On Thursday, July 16th, 2020 our VP of Marketing, Brendan McClure, Bill Jenson from Independent Health Care, Linda Roman, and Brenda Mamber from Cenaturi Health, spoke at the 11th Annual Medicare Market Innovation Forum. Brendan, Bill, Brenda, and Linda explored designing a unique member experience and how leveraging data can build loyalty.
Here are our 5 Key Takeaways:
1. THE PANDEMIC HAS CHANGED MEMBER ENGAGEMENT AND MEDICARE PLANS ARE ADAPTING
Bill and Brendan both noted that the COVID-19 pandemic has accelerated a number of existing trends in member engagement. Telehealth access outreach, check-ins with members about their wellbeing, and conversational engagement to both inform and uncover insights all took on much greater importance. For plans where these member-centric touchpoints and engagement procedures were already in place, the trust between member and plan was greater once the crisis started. Early COVID engagement strategies from the plans already engaging conversationally have given plans a unique advantage to build even deeper connections with members. Brendan gave a real example where an automated check-in with a Medicare population prompted a response from one member who said that he had not heard from anyone in two weeks and deeply appreciated the care and concern from the plan.
2. CREATE A UNIQUE MEMBER EXPERIENCE BY ASKING THE RIGHT QUESTIONS
When a plan can ask the right questions and supply the proper resources, members are more likely to engage and leave the conversation feeling heard. Plans often have underutilized resources and interventions due to a lack of member awareness, or because plans do not know who needs what. But simply asking members in conversational channels if they are experiencing issues like social isolation or food insecurity both create the opportunity to connect them with resources and identify members who may need follow-up. By asking the right questions, a plan can uncover barriers to action such as transportation, health literacy, language, and the like. Asking and then providing the member with the appropriate resources will not only drive engagement and drive behavioral change, it will help build the trust needed to engage in future conversations.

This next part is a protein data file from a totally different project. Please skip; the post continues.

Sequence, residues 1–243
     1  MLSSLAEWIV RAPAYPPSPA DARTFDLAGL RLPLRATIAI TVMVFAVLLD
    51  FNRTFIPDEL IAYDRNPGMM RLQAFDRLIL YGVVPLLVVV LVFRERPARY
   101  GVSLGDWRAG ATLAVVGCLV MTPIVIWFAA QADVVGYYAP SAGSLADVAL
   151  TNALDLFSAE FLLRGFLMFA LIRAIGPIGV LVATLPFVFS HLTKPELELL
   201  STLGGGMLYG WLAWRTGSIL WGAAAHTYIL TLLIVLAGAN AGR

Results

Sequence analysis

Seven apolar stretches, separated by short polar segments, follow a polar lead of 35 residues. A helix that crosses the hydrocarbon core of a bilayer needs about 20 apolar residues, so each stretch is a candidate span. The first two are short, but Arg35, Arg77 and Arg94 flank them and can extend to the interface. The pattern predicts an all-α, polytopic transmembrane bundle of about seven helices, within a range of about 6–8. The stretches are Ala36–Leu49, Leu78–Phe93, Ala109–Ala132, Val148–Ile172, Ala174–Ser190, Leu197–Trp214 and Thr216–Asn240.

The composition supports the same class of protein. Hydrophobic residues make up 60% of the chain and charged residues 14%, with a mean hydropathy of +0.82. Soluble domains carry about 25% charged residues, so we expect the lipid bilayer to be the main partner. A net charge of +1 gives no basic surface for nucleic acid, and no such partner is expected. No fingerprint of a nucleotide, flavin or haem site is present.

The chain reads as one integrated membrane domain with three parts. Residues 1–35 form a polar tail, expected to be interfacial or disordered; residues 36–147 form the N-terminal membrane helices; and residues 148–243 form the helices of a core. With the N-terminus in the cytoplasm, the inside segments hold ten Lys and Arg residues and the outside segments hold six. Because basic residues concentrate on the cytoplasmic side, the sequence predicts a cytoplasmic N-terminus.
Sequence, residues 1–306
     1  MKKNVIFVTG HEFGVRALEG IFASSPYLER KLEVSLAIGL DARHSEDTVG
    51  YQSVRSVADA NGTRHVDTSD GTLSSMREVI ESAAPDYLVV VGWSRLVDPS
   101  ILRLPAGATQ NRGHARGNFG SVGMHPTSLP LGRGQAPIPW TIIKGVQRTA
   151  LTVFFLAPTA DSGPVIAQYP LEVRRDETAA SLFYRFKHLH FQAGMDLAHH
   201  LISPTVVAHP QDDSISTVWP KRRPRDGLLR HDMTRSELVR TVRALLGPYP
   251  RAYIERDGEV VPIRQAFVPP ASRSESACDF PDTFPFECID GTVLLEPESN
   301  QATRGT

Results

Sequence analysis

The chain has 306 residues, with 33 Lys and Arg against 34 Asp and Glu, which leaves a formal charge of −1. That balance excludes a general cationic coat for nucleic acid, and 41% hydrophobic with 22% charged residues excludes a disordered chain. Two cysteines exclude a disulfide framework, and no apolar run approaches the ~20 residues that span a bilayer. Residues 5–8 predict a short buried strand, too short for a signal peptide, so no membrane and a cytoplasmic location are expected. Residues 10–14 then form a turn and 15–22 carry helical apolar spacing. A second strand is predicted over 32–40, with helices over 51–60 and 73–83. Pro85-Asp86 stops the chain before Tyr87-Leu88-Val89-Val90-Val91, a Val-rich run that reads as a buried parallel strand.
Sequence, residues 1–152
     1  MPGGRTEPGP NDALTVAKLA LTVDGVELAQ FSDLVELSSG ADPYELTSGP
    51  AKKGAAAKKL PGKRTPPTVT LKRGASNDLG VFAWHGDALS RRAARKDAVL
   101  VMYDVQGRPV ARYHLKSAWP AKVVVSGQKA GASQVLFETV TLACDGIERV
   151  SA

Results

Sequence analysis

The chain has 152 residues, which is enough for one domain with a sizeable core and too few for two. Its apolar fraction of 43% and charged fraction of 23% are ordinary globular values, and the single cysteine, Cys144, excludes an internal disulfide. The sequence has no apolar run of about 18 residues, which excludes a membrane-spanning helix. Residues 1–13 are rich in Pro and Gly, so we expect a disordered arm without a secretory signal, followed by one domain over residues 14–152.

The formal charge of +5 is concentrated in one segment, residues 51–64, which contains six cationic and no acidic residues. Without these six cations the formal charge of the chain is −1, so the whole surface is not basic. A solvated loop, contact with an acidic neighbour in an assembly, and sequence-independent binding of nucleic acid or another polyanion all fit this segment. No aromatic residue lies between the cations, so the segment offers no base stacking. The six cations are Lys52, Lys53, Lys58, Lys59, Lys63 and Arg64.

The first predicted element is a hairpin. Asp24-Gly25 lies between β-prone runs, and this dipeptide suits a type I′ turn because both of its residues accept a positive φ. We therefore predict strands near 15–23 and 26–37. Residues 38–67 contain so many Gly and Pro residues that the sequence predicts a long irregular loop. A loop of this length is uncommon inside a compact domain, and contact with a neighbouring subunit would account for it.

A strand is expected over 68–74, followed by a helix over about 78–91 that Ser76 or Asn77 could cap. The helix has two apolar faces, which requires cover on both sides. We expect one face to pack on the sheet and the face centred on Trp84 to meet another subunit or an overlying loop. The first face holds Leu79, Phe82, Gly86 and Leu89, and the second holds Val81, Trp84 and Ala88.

3. LONG TERM ENGAGEMENT BUILDS TRUST AND LOYALTY
Loyalty is a product of building trust. A member is more likely to engage in future conversations when they feel like the plan is invested in their health as much as they are. Brendan noted that trust comes from a plan who communicates accurately, timely and quickly. In addition to the example of COVID-19 outreach from plans that were already having conversations with members regularly, the panel noted how important building trust over time was when it came to SDOH barriers. Members are more likely to share barriers and more likely to accept help and interventions when there’s trust in an established relationship. The stronger that relationship, the more confident a plan can be in retaining that member over time, and counting on them to engage in the future.
4. ENGAGEMENT IS A BRAND DIFFERENTIATOR FOR AGE-IN
Because trust is established during ongoing conversations over an extended period of time, when a member is ready to transition into Medicare they are more likely to accept information and resources from their plan. That level of trust will keep members open and willing to communicate with their plan on a regular cadence. mPulse has found that members who received text outreach from their plan previously about health or services were much more likely to request information on their payer’s Medicare plan options via text. Leaning on the trust built throughout the relationship to continue to ask questions about their experiences with their healthcare and using that data from past conversations with the member to tailor age-in outreach can be a winning combination for both retention and member experience.
5. MEASURE THE MEMBER RELATIONSHIP
Brendan reminded the audience that the data you get from engagement depends on the questions you ask. There is value in all variations of member responses. Discovering whether a member is happy or unsatisfied with their plan creates the opportunity to tailor further engagement. Sentiment and intent analysis of member responses to automated outreach provides valuable feedback to the plan. Asking a member directly how they feel about their plan, or measuring positive and negative responses to questions about their health or the COVID-19 pandemic, gives plans insight on retention risks, hotspot geographies that may have provider network issues, or topics where members seem to be dissatisfied. Uncovering these potential blind spots and quantifying members’ expressed feelings toward their plan gives payers actionable data to impact everything from future engagement strategies to benefit design.